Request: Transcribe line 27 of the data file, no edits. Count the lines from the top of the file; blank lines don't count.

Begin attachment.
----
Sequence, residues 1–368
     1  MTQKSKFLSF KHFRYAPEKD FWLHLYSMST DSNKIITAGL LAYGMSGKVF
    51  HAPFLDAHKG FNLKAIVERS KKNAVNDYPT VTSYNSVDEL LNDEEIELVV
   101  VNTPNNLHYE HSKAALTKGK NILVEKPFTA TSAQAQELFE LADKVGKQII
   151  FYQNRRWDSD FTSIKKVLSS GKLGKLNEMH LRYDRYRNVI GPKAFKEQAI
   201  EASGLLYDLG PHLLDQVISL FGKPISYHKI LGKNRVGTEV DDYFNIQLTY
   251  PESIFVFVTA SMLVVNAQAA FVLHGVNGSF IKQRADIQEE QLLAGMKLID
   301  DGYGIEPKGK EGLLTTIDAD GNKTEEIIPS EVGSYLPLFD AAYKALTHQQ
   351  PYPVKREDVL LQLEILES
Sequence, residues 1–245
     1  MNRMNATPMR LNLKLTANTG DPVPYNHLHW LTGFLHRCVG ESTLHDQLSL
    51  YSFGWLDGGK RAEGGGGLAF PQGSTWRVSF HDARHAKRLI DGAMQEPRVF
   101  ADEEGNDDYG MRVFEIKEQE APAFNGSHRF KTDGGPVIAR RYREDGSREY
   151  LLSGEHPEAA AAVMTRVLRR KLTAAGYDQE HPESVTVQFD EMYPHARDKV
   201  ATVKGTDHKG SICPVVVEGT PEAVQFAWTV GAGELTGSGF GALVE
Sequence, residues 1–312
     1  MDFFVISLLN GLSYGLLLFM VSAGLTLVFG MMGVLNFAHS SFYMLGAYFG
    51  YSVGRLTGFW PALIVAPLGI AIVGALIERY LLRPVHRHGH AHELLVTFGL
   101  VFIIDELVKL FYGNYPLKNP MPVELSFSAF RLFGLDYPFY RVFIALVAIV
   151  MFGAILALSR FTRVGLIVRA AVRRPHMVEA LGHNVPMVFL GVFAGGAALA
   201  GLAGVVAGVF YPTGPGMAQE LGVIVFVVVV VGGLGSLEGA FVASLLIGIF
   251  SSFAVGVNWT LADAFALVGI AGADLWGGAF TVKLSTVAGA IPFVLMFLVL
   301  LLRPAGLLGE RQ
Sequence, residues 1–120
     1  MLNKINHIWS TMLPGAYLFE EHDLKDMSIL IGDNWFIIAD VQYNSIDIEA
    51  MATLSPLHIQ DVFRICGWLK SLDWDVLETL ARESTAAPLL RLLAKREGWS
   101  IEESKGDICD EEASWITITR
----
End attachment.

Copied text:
   101  IEESKGDICD EEASWITITR